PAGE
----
Monday, February 06, 2006

That is a ludicrous number of recipes to have made

I went out for lunch with my friend Paul today, who I hadn’t seen in about 6 months. He asked me how my cooking project was going. I replied that it was going well, and duly whipped out a copy of the Australian Gourmet Traveller article for him to have a look at. He was rather impressed, and said, “I can’t believe you’re in a magazine! That’s so cool! So, how far into the book are you?”

I replied, “Um… including the crème caramel I made this morning, I think 265”.

To this, Paul replied, “That is a ludicrous number of recipes to have made”.

Quite true.

BOLSTERING SATURDAY LUNCH FOR 6

265. Chicken Stew with Couscous
266. Coconut Crème Caramel


This menu comes from the Weekend Lunch chapter, and was our dinner tonight. Both of these dishes technically should be started a day in advance, but as I can attest, they don’t need to be. I started this morning by making the crème caramel. I’ve tried crème caramels before, all spectacular failures, but with 264 recipes behind me, it appears I’ve picked up the skills to knock off a crème caramel without too much fuss.

The caramel part is just sugar and water, which you let boil (without stirring), until a deep colour. Then you pour it (carefully!) into the baking dish, which has been preheating in the oven, and tilt it around to coat the base and sides. By warming the dish beforehand, the caramel doesn’t come into contact with a cold surface and solidify on impact.


Caramel

I should note that I had no appropriately sized dish which would be suitable for unmoulding, so I resorted to my much-loved 250ml ramekins again.


caramel-lined ramekins

Then you let the caramel harden while you get on with the custard part. The custard is egg yolks, eggs and sugar, beaten together, with warmed coconut milk whisked in. Once that’s all mixed up, you strain it into the dishes and bake them in a water bath at 160C. After 20 minutes of them being in the oven, I had to leave for my aforementioned lunch with Paul, but they hadn’t cooked through yet. I asked my mum to keep an eye on them, and to remove them when they seemed ready. I was afraid she might have forgotten about it, but when I came home 4 hours later, she’d taken the caramels out of the oven, perfectly cooked, and they were sitting safely on the bench. Phew!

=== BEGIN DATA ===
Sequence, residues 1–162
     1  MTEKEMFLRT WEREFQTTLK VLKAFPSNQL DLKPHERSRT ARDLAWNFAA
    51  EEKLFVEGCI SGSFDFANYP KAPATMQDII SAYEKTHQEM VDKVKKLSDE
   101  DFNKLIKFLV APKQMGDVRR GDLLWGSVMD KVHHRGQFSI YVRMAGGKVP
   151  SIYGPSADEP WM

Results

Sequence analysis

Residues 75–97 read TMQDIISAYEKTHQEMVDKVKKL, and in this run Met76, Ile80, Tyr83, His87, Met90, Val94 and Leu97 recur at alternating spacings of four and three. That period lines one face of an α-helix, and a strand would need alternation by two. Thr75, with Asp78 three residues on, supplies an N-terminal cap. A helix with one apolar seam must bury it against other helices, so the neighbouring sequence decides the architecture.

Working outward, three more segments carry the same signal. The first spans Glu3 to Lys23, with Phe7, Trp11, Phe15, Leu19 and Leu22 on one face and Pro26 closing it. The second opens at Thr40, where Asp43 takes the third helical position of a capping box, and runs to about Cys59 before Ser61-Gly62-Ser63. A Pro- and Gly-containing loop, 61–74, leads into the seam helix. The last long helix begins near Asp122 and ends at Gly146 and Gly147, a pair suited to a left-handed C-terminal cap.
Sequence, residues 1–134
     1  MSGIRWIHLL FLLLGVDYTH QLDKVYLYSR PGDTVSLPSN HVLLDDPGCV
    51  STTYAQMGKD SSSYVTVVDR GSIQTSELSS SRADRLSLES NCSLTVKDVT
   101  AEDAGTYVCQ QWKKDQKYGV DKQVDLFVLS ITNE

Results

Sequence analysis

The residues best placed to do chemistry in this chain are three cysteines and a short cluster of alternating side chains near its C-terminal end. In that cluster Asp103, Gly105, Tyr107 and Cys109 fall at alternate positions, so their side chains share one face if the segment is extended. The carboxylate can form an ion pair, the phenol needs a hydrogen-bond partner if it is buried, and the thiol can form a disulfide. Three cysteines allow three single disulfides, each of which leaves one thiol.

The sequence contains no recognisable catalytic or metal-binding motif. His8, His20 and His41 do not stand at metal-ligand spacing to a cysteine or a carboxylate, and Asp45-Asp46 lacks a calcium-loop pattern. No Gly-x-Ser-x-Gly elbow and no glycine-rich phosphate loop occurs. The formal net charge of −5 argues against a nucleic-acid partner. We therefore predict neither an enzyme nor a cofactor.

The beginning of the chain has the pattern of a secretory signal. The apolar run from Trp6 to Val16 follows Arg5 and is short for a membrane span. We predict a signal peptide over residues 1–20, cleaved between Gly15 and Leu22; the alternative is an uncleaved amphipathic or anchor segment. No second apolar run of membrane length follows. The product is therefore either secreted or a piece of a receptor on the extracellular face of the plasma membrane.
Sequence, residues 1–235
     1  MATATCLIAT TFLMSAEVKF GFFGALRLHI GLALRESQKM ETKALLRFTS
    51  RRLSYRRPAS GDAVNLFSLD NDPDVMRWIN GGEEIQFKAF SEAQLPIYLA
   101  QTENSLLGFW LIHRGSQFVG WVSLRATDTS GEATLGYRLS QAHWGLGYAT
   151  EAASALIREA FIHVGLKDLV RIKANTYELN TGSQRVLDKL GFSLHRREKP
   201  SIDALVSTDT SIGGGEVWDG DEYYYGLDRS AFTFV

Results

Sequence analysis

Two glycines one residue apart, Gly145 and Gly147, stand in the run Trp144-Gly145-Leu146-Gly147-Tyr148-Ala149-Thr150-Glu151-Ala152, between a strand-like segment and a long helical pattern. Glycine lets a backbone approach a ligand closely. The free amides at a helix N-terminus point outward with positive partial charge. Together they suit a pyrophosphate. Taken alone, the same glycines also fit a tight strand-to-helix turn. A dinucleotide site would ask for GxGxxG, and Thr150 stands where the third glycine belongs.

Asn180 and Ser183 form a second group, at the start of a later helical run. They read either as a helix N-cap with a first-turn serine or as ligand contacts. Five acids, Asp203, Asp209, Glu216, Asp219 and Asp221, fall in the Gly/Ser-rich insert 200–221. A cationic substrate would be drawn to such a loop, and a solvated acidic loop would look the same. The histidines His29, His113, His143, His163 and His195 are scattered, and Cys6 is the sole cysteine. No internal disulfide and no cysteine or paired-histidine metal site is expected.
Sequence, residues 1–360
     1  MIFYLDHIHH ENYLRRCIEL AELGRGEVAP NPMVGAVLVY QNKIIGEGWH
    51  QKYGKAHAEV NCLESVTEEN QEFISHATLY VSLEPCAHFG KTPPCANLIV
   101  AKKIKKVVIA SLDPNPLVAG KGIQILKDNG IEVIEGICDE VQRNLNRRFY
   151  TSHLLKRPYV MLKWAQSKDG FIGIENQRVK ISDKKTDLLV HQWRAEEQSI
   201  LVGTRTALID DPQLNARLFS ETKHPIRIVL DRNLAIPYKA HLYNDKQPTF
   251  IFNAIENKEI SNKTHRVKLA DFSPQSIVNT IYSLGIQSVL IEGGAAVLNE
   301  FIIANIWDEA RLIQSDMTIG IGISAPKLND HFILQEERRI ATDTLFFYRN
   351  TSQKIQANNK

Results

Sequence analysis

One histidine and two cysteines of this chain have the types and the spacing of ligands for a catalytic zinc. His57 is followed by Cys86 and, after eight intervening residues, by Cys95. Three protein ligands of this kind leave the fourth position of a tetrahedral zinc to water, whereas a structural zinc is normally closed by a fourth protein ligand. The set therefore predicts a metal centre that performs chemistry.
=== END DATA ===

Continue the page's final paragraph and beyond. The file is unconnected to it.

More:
Baked

I started on the stew after I got home. For this, you’re meant to soak dried chickpeas and cook them yourself, but Nigella does say you can used tinned. Which I did. Although this chicken stew is suggested as an alternative to the root vegetable couscous , it has more in common with the chicken and chickpea tagine of Cooking in Advance. It is a bit easier to make, however. For this one, all you have to do is brown some sliced onions in oil and spices, add chicken pieces, cover with water, and then add vegetables and harissa, and let simmer for 1 and a half hours. Serve it with steamed couscous (steamed over the pot in which the stew is bubbling) and you're done. Boom boom.


Stew

I did enjoy this, although I have to say it was different from what I expected. I thought it would be a thick and hearty chicken stew, but it was more like a clear broth. It was tasty, but I definitely preferred the other chicken tagine and the root vegetable couscous.

Now, I have to admit, another reason why I chose the individual ramekins for the dessert was because I thought small ones would be much easier to unmould than a large plonker. And luckily, these ones came out quite easily.


brighter!


3 pots… Mmm, sugar!

It was nice! Crème caramel is my dad’s favourite dessert, so I thought he might get weirded out by the coconut flavour, but it was very, very subtle. Undetectable even. I thought that adding a splash of Malibu to the batter, or some toasted coconut flakes as garnish would help this… and can you imagine? It sounds like something you’d get at an upmarket Malaysian restaurant. A Malibu-infused coconut crème caramel, decorated with shavings of toasted coconut, served with a confit of rambutans and pineapples. I was pondering all this out loud as we ate, only to be dragged down to earth by my father. “No! This tastes good like this! I like it smooth! No toasted coconut!”

Ok then!

3 comments:

domesticgoddess said...

when i made this coconut creme caramel, i did it in a larger, singular mould. delicious though it was, i am now converted to your way of thinking for next time. in individual ramekins, you get much more of the caramel per person! mmmmmmMMMMMM. sounds like your family liked it as much as mine did!

Ilana said...

That some lovely presentation with the creme caramel! Way to go, looks lovely, as usual!! Glad to see you cooking and posting again.. I was missing you during your short hiatus!

Ilana xoxo

markii said...

Creme caramel is possibly one of the best desserts ever.

Looks amazing!

Also - congrats on the magazine thingy. So hot.